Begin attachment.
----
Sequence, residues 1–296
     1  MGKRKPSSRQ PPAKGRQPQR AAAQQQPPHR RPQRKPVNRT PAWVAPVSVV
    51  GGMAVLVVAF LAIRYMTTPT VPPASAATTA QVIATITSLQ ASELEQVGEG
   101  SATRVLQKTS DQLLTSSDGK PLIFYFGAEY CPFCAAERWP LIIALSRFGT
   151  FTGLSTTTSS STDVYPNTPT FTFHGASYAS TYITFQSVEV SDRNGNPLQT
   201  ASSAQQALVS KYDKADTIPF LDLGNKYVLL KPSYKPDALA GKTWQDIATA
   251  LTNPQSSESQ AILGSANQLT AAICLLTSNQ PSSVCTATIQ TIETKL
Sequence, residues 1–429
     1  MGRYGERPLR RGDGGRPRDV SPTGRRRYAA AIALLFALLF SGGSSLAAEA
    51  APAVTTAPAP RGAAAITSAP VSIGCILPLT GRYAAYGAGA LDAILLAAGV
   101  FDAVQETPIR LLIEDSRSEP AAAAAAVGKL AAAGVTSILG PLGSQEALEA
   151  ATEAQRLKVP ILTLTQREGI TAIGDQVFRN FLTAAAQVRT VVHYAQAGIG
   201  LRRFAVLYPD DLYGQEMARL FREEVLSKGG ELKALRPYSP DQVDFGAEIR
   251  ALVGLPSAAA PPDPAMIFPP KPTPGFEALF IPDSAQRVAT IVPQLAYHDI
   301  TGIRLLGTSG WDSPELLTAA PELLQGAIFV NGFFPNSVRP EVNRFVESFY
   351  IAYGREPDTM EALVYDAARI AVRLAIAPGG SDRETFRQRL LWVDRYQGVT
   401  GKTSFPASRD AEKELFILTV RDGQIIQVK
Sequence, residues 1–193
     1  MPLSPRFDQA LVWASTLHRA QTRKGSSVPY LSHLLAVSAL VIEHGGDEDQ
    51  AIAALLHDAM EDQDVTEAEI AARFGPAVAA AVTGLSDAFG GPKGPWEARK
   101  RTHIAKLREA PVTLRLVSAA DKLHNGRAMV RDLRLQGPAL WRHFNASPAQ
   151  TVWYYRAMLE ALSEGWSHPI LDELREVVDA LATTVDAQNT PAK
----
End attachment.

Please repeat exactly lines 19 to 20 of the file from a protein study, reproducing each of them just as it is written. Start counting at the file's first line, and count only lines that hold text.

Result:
     1  MPLSPRFDQA LVWASTLHRA QTRKGSSVPY LSHLLAVSAL VIEHGGDEDQ
    51  AIAALLHDAM EDQDVTEAEI AARFGPAVAA AVTGLSDAFG GPKGPWEARK